Welcome to the flipside of false ignorance.
Five years ago, a little burned out
(temporarily, I knew even at the time) from NGO human rights work and laid up
in pain from carpal tunnel, I started an occasional design project called
falseignorance.info. It came from an intense, desperately driven need to say
something more articulate and complicated about the realities of empire and the
possibilities of resistance.
The first thing I laid out, testing my brand new voice dictation machine and
working with pageMaker until my fingers burned, was a little pamphlet called
"Do you think about torture?" I do. Think about it. I witnessed it quite up
close and personal once, in a jail in Cincinnati, where someone was slammed to
the ground and repeatedly tasered in front of me. And it has becoming an ever
more overt policy. So I wanted to let other people know that there's a mass of
us, thinking, and (this is the point of "false ignorance"), a perhaps larger
mass knowing but doing their best not to think, but actually not-thinking. That
is pouring energy into a tangible denial of what they know is being done in
their name, or with their money, or with the need of their acceptance. So one
face of the project was to break the silence about open secrets.
Another was to find human ways to relate to realities of empire. And yet a
third was to remind everyone that resistance is not only possible, but
brilliantly possible, vibrant, and always boiling beneath the surface when it
isn't shattering what we believe (or is it, fear?) is inevitable.
Five years on, I no longer think denial is so much of the problem. Though I
do think that reminders of how some truly scary efforts are deliberately
planned are essential. And of course neither the media nor the grapevine tell
us everything. Well documented truths are essential for outrage, for activism,
Why I'm starting to blog...
Everyone I meet is more in the turmoil between hope and despair than
struggling to move from ignorance to knowledge. Two nights ago at a beautiful
warehouse party full of fire and creativity, a 46-year-old metal sculptor came
up to me. And said he had seen me around the activist spaces and events of the
Bay. And thanked me for being out there. And said what I've heard too many
times, that he is living out a sense of despair about the situation of the
world. That the U.S. now is something like his long term nightmare.
Fair enough. My nightmare is the return of colonialism ("Something old and
awful" is making a return to public consciousness, and the risk of public
acceptance, I wrote in my Ransom Note for action to resist the Iraq War). It's
now our neighbors and nieces and nephews, and lovers and high school friends
who are driving the tanks down the middle of occupied streets, seeing kids
throw stones at them, raiding houses and shooting up families. We're
doing it. "And we don't even scream. Are we dead?" (I hear the lines from Jean
Genet's _The Maids_)
My Iranian-American boss at my old Bay Area job asked last night where is
the anger. I've heard that a lot too. You can see in the last paragraph, I
think it sometimes. But I have a different relationship to that question than
most. I don't think it's a matter of things affecting us more directly, or of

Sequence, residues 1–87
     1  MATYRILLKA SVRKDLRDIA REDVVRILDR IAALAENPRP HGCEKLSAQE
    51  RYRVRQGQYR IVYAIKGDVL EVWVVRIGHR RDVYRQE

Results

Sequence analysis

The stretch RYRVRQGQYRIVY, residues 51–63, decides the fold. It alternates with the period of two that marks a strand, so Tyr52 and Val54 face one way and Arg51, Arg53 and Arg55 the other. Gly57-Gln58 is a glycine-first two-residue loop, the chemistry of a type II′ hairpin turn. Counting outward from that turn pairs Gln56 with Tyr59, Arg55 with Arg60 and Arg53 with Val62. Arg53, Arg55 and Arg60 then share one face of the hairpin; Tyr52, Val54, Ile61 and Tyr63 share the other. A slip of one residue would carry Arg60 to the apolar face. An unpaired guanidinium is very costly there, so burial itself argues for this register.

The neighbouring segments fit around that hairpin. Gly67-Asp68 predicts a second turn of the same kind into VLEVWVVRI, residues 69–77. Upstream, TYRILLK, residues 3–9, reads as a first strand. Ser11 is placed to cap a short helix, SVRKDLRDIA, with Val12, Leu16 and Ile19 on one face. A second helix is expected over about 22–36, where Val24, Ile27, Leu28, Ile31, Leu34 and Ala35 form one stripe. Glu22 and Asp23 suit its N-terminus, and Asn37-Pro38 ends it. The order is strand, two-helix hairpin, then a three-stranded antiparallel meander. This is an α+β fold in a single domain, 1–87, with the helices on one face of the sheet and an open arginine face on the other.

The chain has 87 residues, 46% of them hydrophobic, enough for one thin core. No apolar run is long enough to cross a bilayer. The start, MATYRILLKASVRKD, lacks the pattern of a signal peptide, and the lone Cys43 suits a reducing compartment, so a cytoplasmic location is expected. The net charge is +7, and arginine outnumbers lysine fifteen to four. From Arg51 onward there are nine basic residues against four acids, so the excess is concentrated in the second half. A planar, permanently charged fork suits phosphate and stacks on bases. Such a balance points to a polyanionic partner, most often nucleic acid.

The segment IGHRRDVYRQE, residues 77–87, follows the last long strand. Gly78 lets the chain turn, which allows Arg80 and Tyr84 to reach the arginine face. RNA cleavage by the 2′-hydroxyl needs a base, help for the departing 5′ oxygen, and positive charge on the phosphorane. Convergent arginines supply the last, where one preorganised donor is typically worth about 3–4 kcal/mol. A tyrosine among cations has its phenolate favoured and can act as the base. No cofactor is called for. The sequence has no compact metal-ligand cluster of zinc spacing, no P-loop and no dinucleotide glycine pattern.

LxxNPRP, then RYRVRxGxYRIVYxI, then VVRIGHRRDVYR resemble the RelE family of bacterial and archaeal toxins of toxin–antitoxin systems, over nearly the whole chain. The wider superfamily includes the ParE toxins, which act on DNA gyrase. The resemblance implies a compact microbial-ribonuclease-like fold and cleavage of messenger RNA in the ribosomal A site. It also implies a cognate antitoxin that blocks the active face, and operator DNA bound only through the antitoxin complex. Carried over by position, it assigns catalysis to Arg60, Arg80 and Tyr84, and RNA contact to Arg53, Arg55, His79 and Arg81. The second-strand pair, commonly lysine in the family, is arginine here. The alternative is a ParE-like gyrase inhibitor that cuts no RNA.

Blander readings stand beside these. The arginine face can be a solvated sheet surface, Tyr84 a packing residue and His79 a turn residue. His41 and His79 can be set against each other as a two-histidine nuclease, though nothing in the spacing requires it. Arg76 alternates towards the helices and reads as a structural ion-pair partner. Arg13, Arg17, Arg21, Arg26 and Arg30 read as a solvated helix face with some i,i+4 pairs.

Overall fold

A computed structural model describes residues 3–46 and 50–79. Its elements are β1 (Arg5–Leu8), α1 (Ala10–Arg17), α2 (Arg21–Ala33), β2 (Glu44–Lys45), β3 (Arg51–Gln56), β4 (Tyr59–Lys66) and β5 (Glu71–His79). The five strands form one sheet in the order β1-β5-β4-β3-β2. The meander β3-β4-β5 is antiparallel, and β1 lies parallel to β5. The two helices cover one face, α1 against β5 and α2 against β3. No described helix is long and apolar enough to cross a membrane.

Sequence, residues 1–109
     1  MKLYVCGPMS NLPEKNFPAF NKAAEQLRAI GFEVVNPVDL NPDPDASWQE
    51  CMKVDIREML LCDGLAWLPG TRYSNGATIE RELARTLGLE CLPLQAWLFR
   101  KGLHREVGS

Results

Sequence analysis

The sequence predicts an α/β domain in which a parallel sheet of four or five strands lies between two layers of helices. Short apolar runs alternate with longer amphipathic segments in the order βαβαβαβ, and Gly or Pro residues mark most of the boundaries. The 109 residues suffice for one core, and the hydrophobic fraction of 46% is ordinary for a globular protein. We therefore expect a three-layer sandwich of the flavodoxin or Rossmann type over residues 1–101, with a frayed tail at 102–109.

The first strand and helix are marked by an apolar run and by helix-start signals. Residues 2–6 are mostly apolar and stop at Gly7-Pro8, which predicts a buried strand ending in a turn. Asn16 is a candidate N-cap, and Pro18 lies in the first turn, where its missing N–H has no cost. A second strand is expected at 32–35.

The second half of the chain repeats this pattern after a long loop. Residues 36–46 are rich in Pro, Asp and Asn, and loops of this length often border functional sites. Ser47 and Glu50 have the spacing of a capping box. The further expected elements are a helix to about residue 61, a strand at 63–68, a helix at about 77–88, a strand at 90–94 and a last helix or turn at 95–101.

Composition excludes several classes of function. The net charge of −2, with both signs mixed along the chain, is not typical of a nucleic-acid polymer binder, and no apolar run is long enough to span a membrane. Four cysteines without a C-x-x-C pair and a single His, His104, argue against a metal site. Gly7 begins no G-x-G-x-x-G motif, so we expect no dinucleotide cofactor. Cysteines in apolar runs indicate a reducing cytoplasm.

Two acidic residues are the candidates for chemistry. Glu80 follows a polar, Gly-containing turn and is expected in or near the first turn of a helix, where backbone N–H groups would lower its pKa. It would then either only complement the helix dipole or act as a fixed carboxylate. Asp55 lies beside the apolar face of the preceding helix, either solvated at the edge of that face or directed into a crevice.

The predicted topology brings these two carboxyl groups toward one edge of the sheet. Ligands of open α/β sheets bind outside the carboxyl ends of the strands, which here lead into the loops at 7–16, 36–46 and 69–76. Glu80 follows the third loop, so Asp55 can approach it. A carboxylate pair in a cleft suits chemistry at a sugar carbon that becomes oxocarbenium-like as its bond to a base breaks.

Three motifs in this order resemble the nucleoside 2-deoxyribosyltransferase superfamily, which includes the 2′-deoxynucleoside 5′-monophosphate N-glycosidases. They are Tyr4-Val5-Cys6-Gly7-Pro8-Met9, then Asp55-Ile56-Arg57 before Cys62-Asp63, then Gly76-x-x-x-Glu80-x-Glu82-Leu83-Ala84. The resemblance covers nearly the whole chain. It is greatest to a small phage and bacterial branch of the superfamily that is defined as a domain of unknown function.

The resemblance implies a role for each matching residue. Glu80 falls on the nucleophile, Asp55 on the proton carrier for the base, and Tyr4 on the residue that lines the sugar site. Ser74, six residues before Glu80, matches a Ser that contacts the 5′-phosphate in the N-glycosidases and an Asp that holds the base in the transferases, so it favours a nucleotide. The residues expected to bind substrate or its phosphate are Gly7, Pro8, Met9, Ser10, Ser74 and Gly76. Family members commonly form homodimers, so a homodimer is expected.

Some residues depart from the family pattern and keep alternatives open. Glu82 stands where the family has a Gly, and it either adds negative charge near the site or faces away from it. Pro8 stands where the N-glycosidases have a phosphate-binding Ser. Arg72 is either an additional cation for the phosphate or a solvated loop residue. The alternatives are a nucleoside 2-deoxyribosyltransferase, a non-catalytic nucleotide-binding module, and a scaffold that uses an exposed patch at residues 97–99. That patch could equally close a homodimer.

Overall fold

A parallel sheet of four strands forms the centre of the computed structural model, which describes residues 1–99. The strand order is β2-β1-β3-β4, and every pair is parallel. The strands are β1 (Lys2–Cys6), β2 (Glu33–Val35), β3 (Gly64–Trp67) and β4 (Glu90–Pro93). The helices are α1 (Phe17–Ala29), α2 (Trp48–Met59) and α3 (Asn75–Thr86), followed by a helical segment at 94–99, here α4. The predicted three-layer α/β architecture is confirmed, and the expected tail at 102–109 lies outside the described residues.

the gradualness or the slowness of the change. I don't think Americans are just
mesmerized by the media, or that some analogy about raising the temperature of
a lobster pot can explain a so-called acquiescence. I think people know what is
done in their name, and I think a hundred million regrets and sadnesses are
felt about it every night.
I think the swing point is the capacity for hope, for planning, and
envisioning change. For seeing how to impact and transform the world, to bring
an end to the disaster-dream that is global empire. We need to get good at
hope, which means we need to get good at resisting.
Fortunately, humanity is fairly well quaking with both right now.
People in their numbers, in their violence-defying brilliance, in their
relentless persistence in finding ways to survive and thrive in ways that are
worthy of us, are doing many fascinating things. I've made it my day job to
witness and describe how that happens. I've been back in school for 10 months
now, getting a PhD as a means to study social movements, autonomy and the
capacity for disrupting power and empire.
Last night, and the night before, I was asked the same sincere questions by
people with open hearts. Questions I feel sure I know how to answer for myself.
Why should we have hope? What are our options for getting out of this imperial
madness? Are the rest of the folks out there asking the same things? Answering
these is about claiming the offensive, about apprenticing ourselves to the
portions of humanity that inspire us, about learning how to make ourselves into
collectives with the capacity of writing our own futures. Understanding empire,
and understanding oppressive power is the defensive work. What you don't
understand you can't change. What you don't see, don't perceive as part of the
problem can make sure the disaster comes back. Yet this defensive knowledge
must be balanced with the offensive knowledge of hope if it is to be something
other than an way of intimidating ourselves into inaction and despair.
You'll hear some of both sides here, because, well, our sibling humans are
being wounded and killed, because our planet is under seige at the moment. But
if this becomes a space you dread to read, let me know, because that means I'm
doing something wrong.